Brexit is like life. The journey matters more than the final destination. Instead of fixating on where we will, eventually, end up, pay more attention to the things that happen along the way.
As Brexit talks start, there are abundant signs of a possible compromise on Britain’s exit, or at least, on the timing of that exit. Yes, the Article 50 period will, absent an agreement to the contrary, expire in March 2019 and with it Britain’s formal membership of the EU.
But what follows might not look or feel like the clean break that some voters have imagined. Among British politicians of all persuasions, there is, once again, a growing conviction that Britain cannot leap out of the EU in 21 months’ time with just a Free Trade Agreement, or perhaps even just WTO rules to break the fall. A transitional deal is on the cards – assuming the EU27 will agree.
That transition could well look a lot like the European Free Trade Association, whose current members are Norway, Lichtenstein, Switzerland and Iceland. They trade freely with the EU in the European Economic Area. They adhere to the rules of the Single Market and can trade freely within it, but are not part of the Customs Union so they can strike trade deals with other nations. There’s a cost to all this of course, but we’ll get to that in a moment.
Britain was a member of EFTA until 1973, and an interesting range of people are now saying it should be again after 2019. Put it another way, when Dan Hannan and Nick Clegg are both publicly saying that a transitional deal based on EFTA is the best course for Britain, there is scope for a sensible, cross-party compromise on what comes next. A leading opponent of a transitional deal has been one Theresa May, who said in her Lancaster House speech in January:
‘I do not mean that we will seek some form of unlimited transitional status, in which we find ourselves stuck forever in some kind of permanent political purgatory. That would not be good for Britain, but nor do I believe it would be good for the EU’.
Instead, she spoke of ‘phased implementation’, a rejection of a single, codified transitional status in favour of a serious of ad hoc subject-by-subject deals with the EU that would take effect at different times.
She took that position in defiance of colleagues including Philip Hammond and David Davis, both of whom had been quietly preparing the ground for a more formal transition. Now that Mrs May has shredded her own political authority, ministers such as Mr Hammond are again free to make the case for a transitional deal.
Mrs May’s rejection of that transition was based on the conclusion that EFTA or something similar would not look and feel enough like the Brexit that many voters imagined, not least since it would mean limited, if any, changes in immigration policy, and continued financial contributions to the EU. Because of course, the benefits of EFTA aren’t free. Membership requires submitting to EU rules relating to the Single Market, without much, if any, say on how those rules are set. It requires submitting to the jurisdiction of a ‘foreign’ court, the EFTA Court, which decides on adherence to the EEA rules. It requires paying towards EU structural funds that support eastern EU states, and paying towards central EU programmes and agencies. And it means, more or less, accepting freedom of movement. (It could even mean accepting a more liberal immigration policy than the UK currently has: current EFTA members all participate in Schengen, for instance.) In short: taxpayers’ money still goes to Brussels and Europeans still come to the UK freely.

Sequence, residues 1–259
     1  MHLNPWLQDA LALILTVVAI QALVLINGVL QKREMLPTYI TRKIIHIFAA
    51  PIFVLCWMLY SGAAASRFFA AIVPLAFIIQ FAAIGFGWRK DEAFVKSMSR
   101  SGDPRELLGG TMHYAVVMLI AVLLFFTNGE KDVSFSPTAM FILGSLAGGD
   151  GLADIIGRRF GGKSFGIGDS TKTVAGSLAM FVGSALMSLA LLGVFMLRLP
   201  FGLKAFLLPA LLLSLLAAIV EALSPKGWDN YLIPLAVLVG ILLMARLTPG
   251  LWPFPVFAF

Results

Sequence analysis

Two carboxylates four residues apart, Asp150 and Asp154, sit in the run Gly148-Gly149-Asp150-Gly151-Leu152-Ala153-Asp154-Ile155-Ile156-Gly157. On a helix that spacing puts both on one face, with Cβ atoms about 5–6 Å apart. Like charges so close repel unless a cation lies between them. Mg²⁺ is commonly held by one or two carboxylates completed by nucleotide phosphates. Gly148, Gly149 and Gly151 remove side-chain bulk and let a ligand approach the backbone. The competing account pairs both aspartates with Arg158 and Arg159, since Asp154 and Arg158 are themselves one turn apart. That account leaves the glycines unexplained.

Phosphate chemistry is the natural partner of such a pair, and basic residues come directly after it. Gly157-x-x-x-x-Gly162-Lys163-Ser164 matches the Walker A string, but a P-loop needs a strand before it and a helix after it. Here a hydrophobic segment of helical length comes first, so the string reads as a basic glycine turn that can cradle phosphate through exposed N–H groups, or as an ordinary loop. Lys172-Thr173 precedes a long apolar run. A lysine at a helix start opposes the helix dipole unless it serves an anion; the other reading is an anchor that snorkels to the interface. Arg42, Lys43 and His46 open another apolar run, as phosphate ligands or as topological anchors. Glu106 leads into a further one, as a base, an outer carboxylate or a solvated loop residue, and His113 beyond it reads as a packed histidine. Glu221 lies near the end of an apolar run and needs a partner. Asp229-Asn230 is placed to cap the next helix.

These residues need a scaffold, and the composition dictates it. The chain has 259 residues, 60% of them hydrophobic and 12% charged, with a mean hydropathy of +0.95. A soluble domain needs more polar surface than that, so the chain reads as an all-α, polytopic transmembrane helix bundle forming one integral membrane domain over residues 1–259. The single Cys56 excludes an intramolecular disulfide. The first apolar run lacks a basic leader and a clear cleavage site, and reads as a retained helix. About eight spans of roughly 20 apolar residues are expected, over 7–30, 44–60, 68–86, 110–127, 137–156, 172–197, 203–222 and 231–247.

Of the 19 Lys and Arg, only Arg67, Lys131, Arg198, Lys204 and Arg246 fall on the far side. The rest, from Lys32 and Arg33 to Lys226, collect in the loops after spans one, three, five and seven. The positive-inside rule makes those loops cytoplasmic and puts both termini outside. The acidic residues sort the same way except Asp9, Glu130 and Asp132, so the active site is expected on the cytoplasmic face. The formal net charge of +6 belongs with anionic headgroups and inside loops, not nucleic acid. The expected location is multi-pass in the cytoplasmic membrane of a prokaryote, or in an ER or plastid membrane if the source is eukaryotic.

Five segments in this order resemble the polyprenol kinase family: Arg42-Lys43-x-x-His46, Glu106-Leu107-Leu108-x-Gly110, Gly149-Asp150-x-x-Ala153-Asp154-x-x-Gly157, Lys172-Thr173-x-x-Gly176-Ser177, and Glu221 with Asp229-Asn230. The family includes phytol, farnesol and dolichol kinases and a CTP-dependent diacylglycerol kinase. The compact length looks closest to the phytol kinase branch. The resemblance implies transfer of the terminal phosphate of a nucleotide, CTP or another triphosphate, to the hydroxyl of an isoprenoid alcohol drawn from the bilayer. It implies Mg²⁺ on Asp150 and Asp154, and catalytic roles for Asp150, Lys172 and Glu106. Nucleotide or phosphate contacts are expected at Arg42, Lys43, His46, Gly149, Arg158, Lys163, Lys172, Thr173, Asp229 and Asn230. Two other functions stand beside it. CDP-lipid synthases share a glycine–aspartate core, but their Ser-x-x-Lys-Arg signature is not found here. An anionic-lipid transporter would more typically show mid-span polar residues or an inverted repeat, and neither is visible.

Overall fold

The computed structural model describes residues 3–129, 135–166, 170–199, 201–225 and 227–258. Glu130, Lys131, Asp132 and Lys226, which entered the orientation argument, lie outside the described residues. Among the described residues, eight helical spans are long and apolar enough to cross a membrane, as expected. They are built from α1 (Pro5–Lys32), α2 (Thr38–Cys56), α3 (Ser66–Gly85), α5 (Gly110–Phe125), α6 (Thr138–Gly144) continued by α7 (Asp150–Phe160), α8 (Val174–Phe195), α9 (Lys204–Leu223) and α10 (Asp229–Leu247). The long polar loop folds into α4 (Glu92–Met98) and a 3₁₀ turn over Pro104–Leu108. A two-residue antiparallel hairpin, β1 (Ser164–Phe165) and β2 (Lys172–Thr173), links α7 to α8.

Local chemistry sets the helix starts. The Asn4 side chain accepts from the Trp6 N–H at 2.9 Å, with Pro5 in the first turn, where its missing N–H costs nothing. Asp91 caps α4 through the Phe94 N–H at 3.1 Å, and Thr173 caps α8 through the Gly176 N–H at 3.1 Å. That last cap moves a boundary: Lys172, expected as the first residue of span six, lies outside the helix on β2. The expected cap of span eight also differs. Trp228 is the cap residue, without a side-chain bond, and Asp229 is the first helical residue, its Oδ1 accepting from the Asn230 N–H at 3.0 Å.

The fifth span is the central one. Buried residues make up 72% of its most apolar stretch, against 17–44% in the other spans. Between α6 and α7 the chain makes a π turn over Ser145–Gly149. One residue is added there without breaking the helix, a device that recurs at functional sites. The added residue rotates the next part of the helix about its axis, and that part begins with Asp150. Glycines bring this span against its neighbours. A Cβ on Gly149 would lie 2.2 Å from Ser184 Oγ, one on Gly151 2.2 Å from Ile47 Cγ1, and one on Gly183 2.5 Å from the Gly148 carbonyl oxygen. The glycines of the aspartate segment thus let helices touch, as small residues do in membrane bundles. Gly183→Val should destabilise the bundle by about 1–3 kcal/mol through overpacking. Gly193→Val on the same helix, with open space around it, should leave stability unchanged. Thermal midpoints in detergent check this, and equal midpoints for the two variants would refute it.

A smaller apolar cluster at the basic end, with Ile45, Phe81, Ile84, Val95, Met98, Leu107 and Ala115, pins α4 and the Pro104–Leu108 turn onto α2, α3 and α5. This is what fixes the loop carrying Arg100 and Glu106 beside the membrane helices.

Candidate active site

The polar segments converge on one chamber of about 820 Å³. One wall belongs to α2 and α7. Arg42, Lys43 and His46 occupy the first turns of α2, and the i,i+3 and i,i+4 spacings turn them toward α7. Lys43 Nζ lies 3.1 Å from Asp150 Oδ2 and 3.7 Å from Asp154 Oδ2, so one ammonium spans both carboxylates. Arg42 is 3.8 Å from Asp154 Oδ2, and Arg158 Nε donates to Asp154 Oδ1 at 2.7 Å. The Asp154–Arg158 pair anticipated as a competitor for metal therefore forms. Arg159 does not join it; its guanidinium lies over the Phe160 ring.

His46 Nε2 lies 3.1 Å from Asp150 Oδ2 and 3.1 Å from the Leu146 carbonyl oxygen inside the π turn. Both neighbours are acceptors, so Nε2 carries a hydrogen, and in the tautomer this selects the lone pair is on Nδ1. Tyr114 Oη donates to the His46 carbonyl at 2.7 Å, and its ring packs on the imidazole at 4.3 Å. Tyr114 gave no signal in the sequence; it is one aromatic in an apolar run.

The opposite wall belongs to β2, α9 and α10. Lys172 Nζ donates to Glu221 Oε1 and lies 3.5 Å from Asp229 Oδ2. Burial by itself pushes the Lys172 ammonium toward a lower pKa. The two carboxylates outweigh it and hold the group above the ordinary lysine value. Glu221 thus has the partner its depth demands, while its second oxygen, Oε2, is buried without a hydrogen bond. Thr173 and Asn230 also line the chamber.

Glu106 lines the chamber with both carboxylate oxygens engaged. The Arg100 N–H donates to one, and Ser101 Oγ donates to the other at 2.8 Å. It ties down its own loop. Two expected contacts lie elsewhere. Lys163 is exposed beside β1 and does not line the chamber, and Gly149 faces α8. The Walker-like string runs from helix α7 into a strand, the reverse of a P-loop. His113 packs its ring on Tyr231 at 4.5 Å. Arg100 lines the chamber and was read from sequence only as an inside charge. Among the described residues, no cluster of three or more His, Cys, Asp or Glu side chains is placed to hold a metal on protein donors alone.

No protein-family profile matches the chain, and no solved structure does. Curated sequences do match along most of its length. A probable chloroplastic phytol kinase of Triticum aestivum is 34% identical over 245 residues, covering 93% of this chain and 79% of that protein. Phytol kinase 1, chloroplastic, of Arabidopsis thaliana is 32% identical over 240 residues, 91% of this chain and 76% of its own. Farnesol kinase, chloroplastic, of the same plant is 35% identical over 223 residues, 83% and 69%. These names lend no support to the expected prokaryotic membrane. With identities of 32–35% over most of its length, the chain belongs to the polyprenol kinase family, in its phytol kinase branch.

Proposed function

That, simply, would be tough to sell to voters who voted to Leave the EU in order to stop those two things happening. Which is why the communications work should start now. Time to start preparing the electorate for some tough but necessary compromises.
EFTA membership would not be simple or easy or cheap. It would, as so often in politics, very likely be the least bad choice on offer. But for all its flaws, it would still be a lot better than falling out of the EU onto the stony ground of the WTO rules. The politicians know this, which is why they are, once again, gravitating towards a consensus on how the immediate post-Brexit years should look.
But a political consensus is necessary but not sufficient. The voters need to be consulted and informed. If Brexit will, in the first instance, mean EFTA membership, that fact and its implications need to be spelled out quickly, simply, and repeatedly by people on all sides. Mr Clegg and Mr Hannan both spoke about EFTA on Radio Four this morning in separate interviews; they should be sharing a platform to make that pragmatic case together. (I know a non-partisan think-tank that would be happy to facilitate that, incidentally). Other EFTA-inclined Leavers (I’m thinking of you, James Cleverly) should get more attention.
More broadly, Leavers and Remainers alike should lay down their arms and come together to make the case to the electorate, that a sensible transition is in their interests, while ‘no deal’ is not. As for how long the transitional phase lasts and what comes after: let’s cross that bridge when we come to it.
For now, averting disaster in 2019 should be the priority, and that surely means EFTA, or something that looks a lot like it.
Perhaps this will rile some Leavers, or lead to arguments that it would show Britain’s hand too soon in the Brexit talks. In fact, the EU27 were never convinced by Mrs May’s ‘no deal is better than a bad deal’ bluff even before she was a busted flush. They’ve always known this was the only sensible path for Britain to follow. An EFTA transition is the next stage on the Brexit journey. Time to start preparing Britain for it.